ROW spacings have been confirmed as a key determinant of yield in pulse crops with Queensland research showing grain production is maximised when rows are closer together.
Queensland Department of Agriculture and Fisheries senior extension officer, Kerry McKenzie, Toowoomba, told growers at a field day run by the Australian Mungbean Association at Warwick that trials had shown a strong correlation between narrow row spacings and higher yields.
“Row spacings of 25 centimetres have given us peak yields in all situations with all crops in all seasons,” he said.
“We have had mungbean yields up to 2.5 tonnes/hectare and mungbean yields of 0.5t/ha, but in all those situations it is the narrow rows that have given the best yields.”
Mr McKenzie said it wasn’t always practical for farmers to sow on rows as narrow as 25cm, but they should aim to minimise row spacings as much as possible.
“The peak yields have always come at 25cm rows, but 50cm is a good compromise. There is always a compromise in a farming system with what you can and can’t do with things like machinery and stubble loads, so whatever you can do to get your rows closer together is going to give a yield increase,” he said.
Mr McKenzie said with earlier work confirming that narrow row spacings produced higher yields, he was now looking into why those crops were yielding more and where that yield was coming from.
“We have 25cm and 50cm trials to look at biomass and how well that biomass converts to yield,” he said.
“We are also using irrigation versus dryland to drive differences. We know it will yield more when we irrigate, but where is that yield coming from and how much of that extra biomass is being converted to grain – in other words, what is the harvest index?”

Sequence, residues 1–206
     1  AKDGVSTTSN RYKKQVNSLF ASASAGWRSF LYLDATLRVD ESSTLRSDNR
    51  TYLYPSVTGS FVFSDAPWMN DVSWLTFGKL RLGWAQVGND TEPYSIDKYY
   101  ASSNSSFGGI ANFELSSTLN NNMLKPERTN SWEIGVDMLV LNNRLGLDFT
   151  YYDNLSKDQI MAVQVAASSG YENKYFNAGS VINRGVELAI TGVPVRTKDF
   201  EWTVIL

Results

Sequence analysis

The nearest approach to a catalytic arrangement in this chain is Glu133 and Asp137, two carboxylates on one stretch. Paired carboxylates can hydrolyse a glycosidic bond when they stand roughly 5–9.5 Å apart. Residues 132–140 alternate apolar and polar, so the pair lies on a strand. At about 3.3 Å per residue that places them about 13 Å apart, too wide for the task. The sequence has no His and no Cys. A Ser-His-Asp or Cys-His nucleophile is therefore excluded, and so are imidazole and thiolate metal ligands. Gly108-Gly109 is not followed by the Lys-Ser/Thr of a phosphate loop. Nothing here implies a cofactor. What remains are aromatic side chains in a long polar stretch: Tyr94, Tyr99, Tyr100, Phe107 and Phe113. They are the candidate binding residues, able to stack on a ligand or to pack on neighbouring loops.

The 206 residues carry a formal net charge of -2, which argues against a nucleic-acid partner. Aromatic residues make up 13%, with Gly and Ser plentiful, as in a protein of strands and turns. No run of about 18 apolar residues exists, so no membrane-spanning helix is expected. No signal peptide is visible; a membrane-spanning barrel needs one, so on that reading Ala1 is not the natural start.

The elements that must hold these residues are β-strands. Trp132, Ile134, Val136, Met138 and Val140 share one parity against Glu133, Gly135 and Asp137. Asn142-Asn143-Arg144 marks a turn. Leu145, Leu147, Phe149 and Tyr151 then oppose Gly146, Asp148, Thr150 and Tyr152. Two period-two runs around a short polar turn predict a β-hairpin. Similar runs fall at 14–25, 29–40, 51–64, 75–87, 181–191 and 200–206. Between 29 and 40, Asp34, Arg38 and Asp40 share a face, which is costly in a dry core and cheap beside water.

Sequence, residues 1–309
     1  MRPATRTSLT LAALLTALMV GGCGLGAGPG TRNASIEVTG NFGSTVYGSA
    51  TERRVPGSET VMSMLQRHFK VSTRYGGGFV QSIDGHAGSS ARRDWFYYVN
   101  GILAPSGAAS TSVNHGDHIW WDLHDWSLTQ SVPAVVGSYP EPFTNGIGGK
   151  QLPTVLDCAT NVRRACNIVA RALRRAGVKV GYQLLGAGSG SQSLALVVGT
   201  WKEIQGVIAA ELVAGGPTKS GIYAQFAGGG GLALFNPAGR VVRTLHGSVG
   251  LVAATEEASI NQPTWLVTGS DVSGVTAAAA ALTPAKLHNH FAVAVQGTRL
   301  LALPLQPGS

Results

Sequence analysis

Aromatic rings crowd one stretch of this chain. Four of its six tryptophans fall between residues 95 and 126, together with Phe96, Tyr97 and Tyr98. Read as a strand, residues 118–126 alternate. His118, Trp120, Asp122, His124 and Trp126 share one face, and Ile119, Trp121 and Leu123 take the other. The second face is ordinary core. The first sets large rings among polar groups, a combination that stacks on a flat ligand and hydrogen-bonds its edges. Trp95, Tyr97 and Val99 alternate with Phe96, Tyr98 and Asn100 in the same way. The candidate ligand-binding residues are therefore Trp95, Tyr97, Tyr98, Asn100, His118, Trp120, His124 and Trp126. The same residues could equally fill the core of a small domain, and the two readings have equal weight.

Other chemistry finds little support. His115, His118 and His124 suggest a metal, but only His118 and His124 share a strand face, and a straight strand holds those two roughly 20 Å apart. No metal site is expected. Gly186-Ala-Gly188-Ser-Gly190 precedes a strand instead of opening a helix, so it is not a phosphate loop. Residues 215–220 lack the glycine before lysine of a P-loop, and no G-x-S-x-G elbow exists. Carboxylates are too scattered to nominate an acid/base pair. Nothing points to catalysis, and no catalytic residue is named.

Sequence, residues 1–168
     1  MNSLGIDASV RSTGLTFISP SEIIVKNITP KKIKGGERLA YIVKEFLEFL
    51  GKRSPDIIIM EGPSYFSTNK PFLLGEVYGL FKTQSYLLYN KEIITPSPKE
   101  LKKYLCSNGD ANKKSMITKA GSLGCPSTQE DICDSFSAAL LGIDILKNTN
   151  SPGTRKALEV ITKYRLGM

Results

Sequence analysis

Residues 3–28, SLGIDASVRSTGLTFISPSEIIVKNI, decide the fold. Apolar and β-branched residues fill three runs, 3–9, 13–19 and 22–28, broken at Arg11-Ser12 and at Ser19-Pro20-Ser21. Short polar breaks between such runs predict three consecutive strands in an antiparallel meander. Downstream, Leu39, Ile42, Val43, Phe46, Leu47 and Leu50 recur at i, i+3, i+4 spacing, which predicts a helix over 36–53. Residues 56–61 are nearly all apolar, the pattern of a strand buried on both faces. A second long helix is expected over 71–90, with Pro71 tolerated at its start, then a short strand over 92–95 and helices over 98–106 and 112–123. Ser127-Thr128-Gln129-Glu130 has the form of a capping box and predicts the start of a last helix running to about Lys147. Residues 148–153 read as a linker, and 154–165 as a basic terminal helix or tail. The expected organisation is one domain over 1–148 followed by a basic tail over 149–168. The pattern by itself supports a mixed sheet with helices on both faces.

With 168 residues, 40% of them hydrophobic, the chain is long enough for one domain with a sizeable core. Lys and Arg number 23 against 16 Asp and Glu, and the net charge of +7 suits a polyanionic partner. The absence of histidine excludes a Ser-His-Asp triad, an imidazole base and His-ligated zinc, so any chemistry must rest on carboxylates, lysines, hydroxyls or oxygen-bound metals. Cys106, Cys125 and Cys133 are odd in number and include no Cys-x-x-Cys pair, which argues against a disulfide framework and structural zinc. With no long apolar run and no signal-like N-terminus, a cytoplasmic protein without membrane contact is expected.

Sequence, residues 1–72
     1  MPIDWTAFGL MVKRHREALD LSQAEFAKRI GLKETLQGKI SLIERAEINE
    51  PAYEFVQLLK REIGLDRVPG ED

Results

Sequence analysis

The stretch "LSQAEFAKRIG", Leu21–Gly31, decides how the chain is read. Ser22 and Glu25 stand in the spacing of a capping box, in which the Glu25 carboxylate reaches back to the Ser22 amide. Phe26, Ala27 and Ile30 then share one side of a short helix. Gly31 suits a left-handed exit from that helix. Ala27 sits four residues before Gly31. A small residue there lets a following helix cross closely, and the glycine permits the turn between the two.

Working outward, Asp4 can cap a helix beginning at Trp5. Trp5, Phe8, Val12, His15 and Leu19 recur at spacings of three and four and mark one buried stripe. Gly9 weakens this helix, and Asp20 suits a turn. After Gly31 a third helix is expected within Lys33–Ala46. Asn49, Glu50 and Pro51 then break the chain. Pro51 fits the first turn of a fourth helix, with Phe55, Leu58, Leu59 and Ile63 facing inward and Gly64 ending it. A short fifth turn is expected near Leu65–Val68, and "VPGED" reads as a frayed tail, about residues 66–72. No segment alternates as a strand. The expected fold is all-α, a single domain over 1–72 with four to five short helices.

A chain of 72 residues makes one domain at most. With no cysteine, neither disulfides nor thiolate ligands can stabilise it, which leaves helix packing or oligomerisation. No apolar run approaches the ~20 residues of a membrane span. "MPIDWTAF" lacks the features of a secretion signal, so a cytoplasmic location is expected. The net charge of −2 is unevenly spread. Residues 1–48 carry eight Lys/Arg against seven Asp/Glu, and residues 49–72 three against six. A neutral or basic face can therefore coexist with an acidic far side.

Mr McKenzie said last year’s trial, which had three different times of sowing (the start of December; mid-January; and start of February) showed that time of sowing had a significant effect on yield.
“We got the best yields with the mid-January planting. However, the third planting in February actually produced more biomass – it produced more plant but didn’t convert it to yield,” he said.
“With the mid-January sowing we got yields of up to 2.5t/ha under irrigation whereas in the February sowing it was down to about 1.5t/ha and there was no difference between irrigated and dryland. There were differences in biomass, but couldn’t convert it to yield.
“I think one of the reasons is it was flowering in April and was harvested in May when we ran into cool weather. A lot of the minimum temperatures were below 15 degrees and we weren’t able to convert that biomass into yield.”
Mr McKenzie said he was also looking into one of the other drivers of yield – where is the crop getting its water from?
He is running trials with neutron probes in selected plots on 25cm and 1-metre rows. There are two probes per plot looking at the root profile and water extraction in the row.
There are access tubes in the row and also half way between the rows to see where the crop is taking its water from, to what depth and how wide.
“One of the interesting things we found last year is the 25cm rows always yielded better and extracted slightly more water, but when you looked at the 1m row spacings and compared the tubes in the plots, more water from the top levels was disappearing out of the interrow space,” he said.
“You would think water extraction would be higher where most of the roots are within a row, but that wasn’t the case down to about 50cm. There was more water disappearing from the interrow space that from within the row. I think a lot of that has to do with evapotranspiration.
“In the 25cm rows the plants cover the whole plot whereas with the 1m rows there is a big gap between the rows, leaving the ground open for the sun to remove water through evaporation.
“At the lower depths within the profiles, the extraction amounts even out between the rows and on the rows.”